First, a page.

Re-post: 10 Tips for Young Pastors

Photo Credit: "Outside the camp" via flicker.comPastoral work is demanding. It has its peculiar stresses. But, it is also deeply satisfying when done with wisdom and care. Here are some suggestions gleaned from 22-years of pastoral ministry and another 19-years as a general church overseer.

1. Ground your ministry in daily Bible reading and prayer. Pray daily for your people. Pray often through the day. Consider that pastoral labors grounded in prayer are the “gold, silver and costly stones” the Apostle Paul speaks of as durable building materials used in pastoral labors (1Cor. 3:10-15).

2. If your study is at the church, be there at a set time each work day. I suggest 8 A.M. God honors a good work ethic.

3. Spend your mornings in sermon preparations, reading, and related study. Be diligent. If you have a secretary, have her guard these hours. Don’t allow legitimate resources to become time-wasters — the Internet, TV, video games, long telephone calls, news papers, news magazines, etc.

“If in the morning you throw moments away,
You’ll not catch them up in the course of the day.”

4. Get an exercise program and stick to it, whether it be jogging or swimming or walking or exercising to a DVD. If you have no better idea, consider, as one possibility, incorporating this routine into an extended noon hour. A jog, then a sandwich, an apple, and a beverage need take no more than an hour-and-a-quarter.

5. Do not have favorites. If your attachment to one person or couple or family becomes obvious — you meet regularly for meals together, even go camping together — this will make other members feel second rate. The pastor must be pastor to all the people all the time. If you need more intimate friendships, form them outside the congregation — with a neighboring minister, for example.

6. Never, discuss church problems in the presence of growing children.  They do not have the wisdom to handle adult problems.
Their trust may be damaged, and eventually their respect for Christ and his church.

7. If division develops over some issue (whether to launch a building program, add a staff member, change the music program, etc.) give leadership through proper channels. But don’t take sides by talking informally with one faction or the other. To do so will deepen the congregational rift and likely shorten your tenure.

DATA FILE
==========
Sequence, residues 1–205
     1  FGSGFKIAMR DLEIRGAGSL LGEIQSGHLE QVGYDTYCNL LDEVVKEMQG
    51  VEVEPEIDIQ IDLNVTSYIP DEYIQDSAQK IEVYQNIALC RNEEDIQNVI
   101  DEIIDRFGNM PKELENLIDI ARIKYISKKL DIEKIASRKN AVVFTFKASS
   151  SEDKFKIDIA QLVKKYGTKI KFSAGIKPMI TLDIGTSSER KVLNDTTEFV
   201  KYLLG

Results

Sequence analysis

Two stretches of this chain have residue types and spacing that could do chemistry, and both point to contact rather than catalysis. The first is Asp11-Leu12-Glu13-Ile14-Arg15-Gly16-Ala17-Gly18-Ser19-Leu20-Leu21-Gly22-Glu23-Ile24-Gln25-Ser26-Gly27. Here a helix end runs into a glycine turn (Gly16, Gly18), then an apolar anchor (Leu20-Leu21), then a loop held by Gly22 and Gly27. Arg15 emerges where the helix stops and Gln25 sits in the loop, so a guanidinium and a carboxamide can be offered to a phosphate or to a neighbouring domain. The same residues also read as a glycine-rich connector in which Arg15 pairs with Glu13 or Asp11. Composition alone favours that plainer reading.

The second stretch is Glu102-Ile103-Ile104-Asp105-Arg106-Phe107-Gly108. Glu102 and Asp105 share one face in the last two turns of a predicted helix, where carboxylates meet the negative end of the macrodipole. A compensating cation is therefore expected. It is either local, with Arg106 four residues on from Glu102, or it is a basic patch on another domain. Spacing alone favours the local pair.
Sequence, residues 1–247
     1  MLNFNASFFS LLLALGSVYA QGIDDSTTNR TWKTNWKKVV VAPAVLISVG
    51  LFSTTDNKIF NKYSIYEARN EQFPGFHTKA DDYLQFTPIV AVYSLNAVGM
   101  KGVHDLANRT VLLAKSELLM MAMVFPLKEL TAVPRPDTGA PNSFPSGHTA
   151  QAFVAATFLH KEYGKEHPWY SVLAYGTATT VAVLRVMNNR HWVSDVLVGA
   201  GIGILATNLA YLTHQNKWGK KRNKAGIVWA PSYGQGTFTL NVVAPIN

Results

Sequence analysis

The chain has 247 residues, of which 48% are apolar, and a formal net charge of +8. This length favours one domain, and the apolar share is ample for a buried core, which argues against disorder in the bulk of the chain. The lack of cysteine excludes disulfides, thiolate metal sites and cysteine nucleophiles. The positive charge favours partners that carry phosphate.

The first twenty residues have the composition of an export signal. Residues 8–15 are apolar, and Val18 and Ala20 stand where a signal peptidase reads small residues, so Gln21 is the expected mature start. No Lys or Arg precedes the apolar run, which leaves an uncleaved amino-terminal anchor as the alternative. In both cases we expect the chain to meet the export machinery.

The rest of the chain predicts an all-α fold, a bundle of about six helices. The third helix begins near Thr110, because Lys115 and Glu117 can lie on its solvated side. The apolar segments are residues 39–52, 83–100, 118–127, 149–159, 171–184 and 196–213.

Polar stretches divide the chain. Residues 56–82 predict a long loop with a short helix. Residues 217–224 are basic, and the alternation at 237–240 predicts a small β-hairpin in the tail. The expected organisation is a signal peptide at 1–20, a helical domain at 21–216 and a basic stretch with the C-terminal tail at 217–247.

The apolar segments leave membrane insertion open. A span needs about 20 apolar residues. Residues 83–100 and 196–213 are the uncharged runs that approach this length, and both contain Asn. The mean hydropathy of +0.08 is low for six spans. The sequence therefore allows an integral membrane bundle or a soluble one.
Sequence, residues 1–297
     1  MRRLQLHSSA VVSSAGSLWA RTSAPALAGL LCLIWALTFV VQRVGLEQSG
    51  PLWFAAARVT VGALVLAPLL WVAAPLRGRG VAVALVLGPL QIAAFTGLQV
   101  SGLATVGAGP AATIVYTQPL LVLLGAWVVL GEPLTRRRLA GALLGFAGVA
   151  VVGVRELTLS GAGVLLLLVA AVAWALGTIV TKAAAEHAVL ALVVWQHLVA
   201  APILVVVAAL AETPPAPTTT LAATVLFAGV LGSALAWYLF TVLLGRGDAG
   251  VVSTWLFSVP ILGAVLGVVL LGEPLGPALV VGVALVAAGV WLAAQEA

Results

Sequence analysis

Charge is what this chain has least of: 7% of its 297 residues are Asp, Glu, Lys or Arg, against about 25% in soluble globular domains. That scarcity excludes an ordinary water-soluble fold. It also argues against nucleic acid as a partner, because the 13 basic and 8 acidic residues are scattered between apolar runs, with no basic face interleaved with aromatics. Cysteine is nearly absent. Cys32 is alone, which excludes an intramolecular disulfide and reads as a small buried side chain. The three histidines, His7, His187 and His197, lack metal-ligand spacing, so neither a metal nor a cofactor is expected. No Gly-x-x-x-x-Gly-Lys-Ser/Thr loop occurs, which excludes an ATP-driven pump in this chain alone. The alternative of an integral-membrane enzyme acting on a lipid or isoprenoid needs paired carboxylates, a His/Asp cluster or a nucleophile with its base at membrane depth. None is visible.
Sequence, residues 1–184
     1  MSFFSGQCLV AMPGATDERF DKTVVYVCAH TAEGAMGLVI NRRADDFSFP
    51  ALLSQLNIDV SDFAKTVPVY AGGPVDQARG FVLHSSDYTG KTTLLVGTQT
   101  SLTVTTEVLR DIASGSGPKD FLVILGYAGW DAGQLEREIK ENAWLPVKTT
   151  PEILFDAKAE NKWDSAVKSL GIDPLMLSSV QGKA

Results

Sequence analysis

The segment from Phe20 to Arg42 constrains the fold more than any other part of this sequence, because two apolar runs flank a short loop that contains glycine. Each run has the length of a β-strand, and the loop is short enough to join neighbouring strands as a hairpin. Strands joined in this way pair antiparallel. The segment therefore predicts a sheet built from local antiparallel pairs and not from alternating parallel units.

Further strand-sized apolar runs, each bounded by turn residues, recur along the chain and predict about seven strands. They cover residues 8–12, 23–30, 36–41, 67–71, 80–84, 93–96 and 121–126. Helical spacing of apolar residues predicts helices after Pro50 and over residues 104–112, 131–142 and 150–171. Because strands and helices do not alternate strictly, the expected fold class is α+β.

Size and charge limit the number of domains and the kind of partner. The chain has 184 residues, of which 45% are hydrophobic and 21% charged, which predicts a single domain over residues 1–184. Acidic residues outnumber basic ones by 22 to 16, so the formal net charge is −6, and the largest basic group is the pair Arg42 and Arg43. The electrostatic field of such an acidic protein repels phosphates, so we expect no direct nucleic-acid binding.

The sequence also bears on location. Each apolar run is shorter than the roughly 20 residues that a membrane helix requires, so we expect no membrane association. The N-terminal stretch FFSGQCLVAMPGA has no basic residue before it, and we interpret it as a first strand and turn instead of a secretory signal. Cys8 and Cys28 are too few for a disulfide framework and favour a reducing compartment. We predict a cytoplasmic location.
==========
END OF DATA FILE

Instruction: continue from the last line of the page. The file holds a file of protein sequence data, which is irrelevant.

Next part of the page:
8. Develop a clear understanding of your boundaries and observe them — with the opposite sex, the aged, children, young people, church officers, staff members, etc. Strive to keep all pastoral relationships above reproach.

9. However modest your income, set an example of responsible stewardship. Show leadership in tithing your income. If you have debts that are out of hand, seek professional counsel. Your care with money will increase the congregation’s trust in your leadership.

10. Never ask to borrow money from your parishioners. To do so puts parishioners at a disadvantage, may reduce their respect for you, and if not repaid as agreed may create a rift that puts your pastoral tenure at risk.

Pastoral ministry is built on the ability to preach and teach the Bible. But it is also grounded in genuine godliness, basic ethical competence, good interpersonal skills, and beyond these on common sense. These ten points do not tell the whole story but they offer some time-tested suggestions about how to avoid the traps that sometimes spring and limit or even shorten a minister’s usefulness to the Lord and a congregation.

 

Photo Credit: Outside the camp (via flicker.com)

Bookmark and Share

There’s More to Church Than Just Attending

My father was not a converted man when my younger sister and I were growing up, but even so he attended church with the family Sunday morning and night without fail. I’m sure he believed in what the church stood for and felt the value of attending — at least for the children’s sake.

I will never know fully what his decision to attend contributed to my own life’s decisions. Neither of my Sunday School buddies, Fred and Howard, had fathers who ever turned up at church and both of them fell away from any church connections when they were 15 or so. Fred died of a heart attack when he was 31 and Howard had a checkered life and he, too, has been gone for many years.

As valuable as mere church attendance might be for either believers or unbelievers, it is far from the whole story when it comes to the Biblical understanding of church.

“Church” in the New Testament does not refer to a building or auditorium. The simplest translation for the word in English is “assembly.” Literally the word means “the called out” or the people of God whom he calls to assemble together. It means a gathering of believers — the “set-apart-ones.”

The Apostle Paul enhances our understanding of church when he further represents it as a body – a vital organism (1 Cor.12:12-27). This analogy indicates the living nature of the church. And just as a body has arms and legs, eyes and ears, internal organs, etc., all of which are subject to a common control center — the mind — so the church has living members who exercise special gifts in and through the assembly under the direction of the supreme head, Jesus Christ. These members thus contribute in an orderly way to the church’s communal life.